It is the littlest biggest show on Earth! Since 2006, the Circus Museum at the Ringling Museum of Art in Sarasota, Florida, has hosted a miniature circus that recreates the classic show’s day-to-day operation in a small scale. The Howard Bros. Circus is a 3/4 inch-to-foot scale model of a traveling circus as it would have appeared in the early 20th century. The model was the dream of Howard Tibbals who fell in love with the circus as a young boy.
Tibbals began building the model in 1956 and had a majority of it completed by 1974, however it would not go on display until 1982 at the World’s Fair in Knoxville, Tennessee. He continued to add to the model over the years. In 2004, he found a permanent home for it at the Ringling Museum. In addition to the model, he also donated the funds for the building of the Tibbals Learning Center which houses the model, a mural of a 1980’s circus, and a gallery of interactive circus exhibits.
When getting ready to install the piece in the museum, Tibbals recruited other artists to help him finish the piece. Jace Gostisha was one of the artists who worked on the exhibit. He shared his experience with Smallisimo.
As a student of the Ringling College of Art and Design in Sarasota, Florida, I was given the opportunity to work for Mr. Howard Tibbals on his circus project at the Ringling Museum. I was to sculpt miniature circus figures that were to fill in parts of his miniature display. The majority of the actual circus figures and animals were already completed and in the process of being set up. My job was to create the crowd members and workers to fill in the miniature world Mr. Tibbals had created to help tell the visual story of circus life.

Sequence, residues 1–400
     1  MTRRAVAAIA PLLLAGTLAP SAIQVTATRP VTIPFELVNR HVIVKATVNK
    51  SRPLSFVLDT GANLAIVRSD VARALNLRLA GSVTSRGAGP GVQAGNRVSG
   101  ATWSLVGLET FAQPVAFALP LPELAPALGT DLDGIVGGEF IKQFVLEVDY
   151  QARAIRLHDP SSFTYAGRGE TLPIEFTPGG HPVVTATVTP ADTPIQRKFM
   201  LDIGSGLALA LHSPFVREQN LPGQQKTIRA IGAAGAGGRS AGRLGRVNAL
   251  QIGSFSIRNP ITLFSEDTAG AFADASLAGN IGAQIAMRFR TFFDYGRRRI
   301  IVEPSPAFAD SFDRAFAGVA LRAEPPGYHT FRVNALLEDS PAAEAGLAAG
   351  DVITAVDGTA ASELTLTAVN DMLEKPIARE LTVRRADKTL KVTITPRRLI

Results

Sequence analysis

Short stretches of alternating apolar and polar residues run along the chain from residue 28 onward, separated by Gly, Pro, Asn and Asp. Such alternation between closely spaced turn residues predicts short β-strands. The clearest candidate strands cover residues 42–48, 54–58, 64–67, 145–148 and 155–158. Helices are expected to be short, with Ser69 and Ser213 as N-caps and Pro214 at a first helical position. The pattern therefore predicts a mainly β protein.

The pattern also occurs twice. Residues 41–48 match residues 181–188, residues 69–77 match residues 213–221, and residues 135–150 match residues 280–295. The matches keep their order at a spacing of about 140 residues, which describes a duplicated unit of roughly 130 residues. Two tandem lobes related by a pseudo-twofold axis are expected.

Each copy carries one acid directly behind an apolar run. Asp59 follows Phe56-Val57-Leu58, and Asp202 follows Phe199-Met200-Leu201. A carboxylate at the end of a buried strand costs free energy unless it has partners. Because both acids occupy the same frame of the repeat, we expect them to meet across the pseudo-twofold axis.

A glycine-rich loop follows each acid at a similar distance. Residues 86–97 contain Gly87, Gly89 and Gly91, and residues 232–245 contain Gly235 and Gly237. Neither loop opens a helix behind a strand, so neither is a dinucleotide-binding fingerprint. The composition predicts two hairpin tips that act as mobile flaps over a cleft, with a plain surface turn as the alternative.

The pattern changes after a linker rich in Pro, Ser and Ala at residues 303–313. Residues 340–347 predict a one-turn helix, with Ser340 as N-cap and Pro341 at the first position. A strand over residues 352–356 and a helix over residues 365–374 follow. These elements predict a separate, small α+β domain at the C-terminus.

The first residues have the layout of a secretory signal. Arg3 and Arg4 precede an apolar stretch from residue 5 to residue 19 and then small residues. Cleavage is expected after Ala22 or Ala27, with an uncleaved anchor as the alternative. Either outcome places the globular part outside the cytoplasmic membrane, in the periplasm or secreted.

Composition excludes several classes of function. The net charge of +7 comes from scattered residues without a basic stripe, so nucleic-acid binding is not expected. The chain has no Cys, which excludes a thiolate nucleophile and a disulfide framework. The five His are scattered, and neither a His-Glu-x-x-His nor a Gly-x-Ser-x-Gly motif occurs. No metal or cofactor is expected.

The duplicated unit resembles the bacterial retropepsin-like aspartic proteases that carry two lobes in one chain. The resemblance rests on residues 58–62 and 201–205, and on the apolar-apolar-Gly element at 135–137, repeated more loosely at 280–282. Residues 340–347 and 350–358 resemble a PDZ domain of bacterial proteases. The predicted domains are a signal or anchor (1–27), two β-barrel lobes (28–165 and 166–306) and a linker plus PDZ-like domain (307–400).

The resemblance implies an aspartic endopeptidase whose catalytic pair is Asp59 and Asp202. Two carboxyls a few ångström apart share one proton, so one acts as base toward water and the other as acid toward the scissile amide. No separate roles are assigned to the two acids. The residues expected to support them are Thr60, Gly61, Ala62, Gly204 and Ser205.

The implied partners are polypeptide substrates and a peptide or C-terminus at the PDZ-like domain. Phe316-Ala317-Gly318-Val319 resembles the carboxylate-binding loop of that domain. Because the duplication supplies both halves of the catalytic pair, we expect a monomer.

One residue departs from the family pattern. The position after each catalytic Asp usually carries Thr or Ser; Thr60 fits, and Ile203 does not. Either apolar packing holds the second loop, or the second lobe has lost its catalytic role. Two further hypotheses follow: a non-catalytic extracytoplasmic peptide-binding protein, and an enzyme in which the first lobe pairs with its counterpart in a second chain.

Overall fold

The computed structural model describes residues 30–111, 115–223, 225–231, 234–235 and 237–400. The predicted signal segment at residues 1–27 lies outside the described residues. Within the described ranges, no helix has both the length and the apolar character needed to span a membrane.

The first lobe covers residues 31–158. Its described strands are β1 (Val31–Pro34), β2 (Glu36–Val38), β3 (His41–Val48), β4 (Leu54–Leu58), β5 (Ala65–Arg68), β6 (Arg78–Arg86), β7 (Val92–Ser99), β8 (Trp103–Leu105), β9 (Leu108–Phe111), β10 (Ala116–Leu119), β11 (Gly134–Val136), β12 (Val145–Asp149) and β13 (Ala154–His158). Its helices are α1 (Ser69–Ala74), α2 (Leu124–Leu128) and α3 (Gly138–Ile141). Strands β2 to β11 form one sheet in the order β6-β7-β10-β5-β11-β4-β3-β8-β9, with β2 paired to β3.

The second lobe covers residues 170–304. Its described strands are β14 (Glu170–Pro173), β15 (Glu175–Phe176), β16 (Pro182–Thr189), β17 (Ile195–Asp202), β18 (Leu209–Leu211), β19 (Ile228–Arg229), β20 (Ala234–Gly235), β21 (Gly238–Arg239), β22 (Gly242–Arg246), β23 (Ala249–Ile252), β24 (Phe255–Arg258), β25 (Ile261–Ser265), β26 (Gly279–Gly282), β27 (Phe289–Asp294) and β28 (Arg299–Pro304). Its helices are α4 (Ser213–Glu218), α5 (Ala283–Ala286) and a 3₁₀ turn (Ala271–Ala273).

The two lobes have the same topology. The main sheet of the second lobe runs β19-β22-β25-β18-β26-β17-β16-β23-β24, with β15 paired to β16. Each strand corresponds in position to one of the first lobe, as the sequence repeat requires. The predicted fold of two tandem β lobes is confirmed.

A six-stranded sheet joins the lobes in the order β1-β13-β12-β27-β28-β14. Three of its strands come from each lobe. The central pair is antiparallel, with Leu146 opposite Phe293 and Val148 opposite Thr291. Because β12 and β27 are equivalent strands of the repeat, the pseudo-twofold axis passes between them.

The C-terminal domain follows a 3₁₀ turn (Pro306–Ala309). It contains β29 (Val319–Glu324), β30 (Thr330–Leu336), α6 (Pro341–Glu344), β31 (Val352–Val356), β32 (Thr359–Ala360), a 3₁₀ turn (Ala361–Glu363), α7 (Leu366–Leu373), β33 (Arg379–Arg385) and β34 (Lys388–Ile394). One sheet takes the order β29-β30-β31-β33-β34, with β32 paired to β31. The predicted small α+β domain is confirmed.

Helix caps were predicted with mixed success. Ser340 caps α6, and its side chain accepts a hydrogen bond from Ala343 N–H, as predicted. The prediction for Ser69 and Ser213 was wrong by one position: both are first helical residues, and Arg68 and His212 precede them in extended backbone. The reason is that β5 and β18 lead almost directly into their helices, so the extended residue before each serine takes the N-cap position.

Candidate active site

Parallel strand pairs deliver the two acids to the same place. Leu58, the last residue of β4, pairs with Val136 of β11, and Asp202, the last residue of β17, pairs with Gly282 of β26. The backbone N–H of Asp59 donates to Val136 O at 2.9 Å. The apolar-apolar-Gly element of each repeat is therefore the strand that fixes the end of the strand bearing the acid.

First step was to pull the reference materials, which Mr. Tibbals had a plethora of! I studied numerous black and white photos from that time era, and I made note of the clothing, accessories, and styles.
The first sets of figures that I sculpted were designed for placement in the cook tent. This included sculpting apron-wearing, pancake-flipping cooks, exhausted circus performers, and various other people walking and sitting at the picnic tables under the camp tent.
After completing about fifty figures for the cook tent, I then set out to create workers caring for the horses in the horse tent. This was my favorite part of the project, because I was able to design the workers doing various jobs, such as tending to the horses, cleaning up the stables, and even creating workers taking a break on some hay bales (look for the guy taking a quick nap).
The final part of my project was to fill in the massive show tent with as many spectators that I could create. The majority of the figures in this tent were sitting down, so I had to make sure that their poses and scale worked with the size of the chairs. [pull_quote align=”right”]A neat detail to note is that every single one of the folding chairs in that tent actually work just like folding chairs.[/pull_quote]
It was a fantastic and rewarding experience to be able to sculpt and paint over 300 figures for Mr. Tibbals’ Circus Museum. The whole display he has designed and created at the Ringling Circus Museum is truly a piece of art, and I look forward to visiting it whenever I’m in the area.